Additionally, a liaison from Race Control near or in both booths can answer any questions that might pop up. This person can easily pass along a note telling the talent who has been previously warned for blocking prior to an actual penalty being levied. They can also answer questions about penalties levied in the pits, the reasoning behind a long yellow flag, etc..
More explanation and details creates a more informed fan. A more-informed fan is more likely to become a "hardcore" fan, as they feel a greater connection to the sport. To finish the thought, the hardcore fan then becomes the consumer of IndyCar sponsors, creating the circular pattern that keeps sponsors coming back to the series and teams. They are also more likely to talk about the sport at the water cooler (Monday Morning Quarterback syndrome), hopefully causing more people to watch IndyCar racing, or at least figure out what the guy is talking about, as a result. The IZOD IndyCar Series is a winner with more informed fans.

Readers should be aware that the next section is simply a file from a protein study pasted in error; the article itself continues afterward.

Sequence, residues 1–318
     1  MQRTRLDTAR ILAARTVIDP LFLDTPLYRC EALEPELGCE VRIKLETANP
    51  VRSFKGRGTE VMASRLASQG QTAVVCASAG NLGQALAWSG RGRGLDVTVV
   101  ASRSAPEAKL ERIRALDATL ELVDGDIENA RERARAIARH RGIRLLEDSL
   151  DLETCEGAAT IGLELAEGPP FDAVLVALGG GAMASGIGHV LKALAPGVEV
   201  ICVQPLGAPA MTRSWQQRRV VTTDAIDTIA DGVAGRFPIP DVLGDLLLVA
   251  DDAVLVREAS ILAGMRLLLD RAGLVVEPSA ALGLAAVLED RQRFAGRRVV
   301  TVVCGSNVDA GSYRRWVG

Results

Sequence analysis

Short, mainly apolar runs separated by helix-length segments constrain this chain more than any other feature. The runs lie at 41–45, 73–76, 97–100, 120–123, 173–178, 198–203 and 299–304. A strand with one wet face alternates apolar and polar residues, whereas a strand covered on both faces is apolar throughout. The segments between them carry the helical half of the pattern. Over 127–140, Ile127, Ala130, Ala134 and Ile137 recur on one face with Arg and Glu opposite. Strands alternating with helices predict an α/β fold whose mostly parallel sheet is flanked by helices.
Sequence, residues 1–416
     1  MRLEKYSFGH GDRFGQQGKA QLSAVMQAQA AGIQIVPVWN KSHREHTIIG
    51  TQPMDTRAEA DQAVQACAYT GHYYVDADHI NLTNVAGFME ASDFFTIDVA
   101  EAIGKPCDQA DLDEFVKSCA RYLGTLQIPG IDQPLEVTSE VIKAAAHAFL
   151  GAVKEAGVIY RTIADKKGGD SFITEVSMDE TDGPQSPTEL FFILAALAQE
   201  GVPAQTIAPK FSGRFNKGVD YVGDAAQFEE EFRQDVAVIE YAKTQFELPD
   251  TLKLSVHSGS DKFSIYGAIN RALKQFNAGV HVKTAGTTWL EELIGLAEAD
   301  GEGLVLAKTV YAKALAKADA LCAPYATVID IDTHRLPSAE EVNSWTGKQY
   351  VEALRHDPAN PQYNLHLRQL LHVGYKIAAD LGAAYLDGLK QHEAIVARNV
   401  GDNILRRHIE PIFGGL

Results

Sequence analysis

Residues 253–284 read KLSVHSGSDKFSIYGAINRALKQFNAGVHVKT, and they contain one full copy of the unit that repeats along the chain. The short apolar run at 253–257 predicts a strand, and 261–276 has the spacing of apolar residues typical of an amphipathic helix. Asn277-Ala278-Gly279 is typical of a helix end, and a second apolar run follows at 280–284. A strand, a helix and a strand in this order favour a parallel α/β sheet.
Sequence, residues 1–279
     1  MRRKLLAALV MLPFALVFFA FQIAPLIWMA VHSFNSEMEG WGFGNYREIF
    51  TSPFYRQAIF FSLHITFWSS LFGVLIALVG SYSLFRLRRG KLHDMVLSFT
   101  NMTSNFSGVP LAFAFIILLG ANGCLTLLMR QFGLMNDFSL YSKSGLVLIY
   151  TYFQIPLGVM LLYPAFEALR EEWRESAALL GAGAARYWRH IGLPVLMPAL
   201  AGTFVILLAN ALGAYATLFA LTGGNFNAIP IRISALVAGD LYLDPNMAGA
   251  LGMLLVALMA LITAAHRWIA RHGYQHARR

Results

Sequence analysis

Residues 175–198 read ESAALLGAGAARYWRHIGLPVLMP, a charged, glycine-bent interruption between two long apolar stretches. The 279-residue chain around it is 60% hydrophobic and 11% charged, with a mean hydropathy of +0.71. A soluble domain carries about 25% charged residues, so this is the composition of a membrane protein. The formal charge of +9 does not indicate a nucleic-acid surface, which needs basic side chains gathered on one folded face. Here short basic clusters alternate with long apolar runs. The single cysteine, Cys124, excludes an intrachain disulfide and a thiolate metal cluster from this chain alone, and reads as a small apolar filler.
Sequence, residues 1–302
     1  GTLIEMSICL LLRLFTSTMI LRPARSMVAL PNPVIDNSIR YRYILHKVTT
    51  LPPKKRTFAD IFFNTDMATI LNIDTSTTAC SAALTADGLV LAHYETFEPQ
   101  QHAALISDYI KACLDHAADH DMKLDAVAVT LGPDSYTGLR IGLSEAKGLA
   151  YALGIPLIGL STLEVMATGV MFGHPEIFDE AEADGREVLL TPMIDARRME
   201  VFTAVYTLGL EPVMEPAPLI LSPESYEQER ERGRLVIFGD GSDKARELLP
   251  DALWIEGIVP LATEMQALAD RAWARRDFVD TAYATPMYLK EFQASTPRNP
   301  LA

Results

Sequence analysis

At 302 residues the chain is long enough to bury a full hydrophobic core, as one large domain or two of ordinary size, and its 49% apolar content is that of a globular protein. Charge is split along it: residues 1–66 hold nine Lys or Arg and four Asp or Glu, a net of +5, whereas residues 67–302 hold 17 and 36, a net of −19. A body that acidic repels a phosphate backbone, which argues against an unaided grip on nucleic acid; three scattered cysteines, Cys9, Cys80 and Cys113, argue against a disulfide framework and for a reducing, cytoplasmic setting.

Consistently enforce the rules. Blocking, especially in open-wheel racing, is always going to be a contentious issue. But when questionable blocks are called in some races and obvious blocks are not called in others, it raises serious credibility issues for the competition administrators of the IZOD IndyCar Series.
Again, if viewers knew the rules ahead of time, and knew who had been warned for blocking, they might not react with such vitriol when the black flag is waved.
Make a rules official available following the race as well. Whether they explain every ruling immediately following the race, or in an Indycar.com article or in a video that runs during the week, make the rulings transparent. Show the viewers replays and tell them why something was either called or not called. Explain why Mario Moraes was served a drive-through penalty in Toronto instead of being parked. If Brian Barnhart or someone else confirmed Rahal's "chrome horn" explanation from Toronto, does it not lend more credence to both Rahal and the series?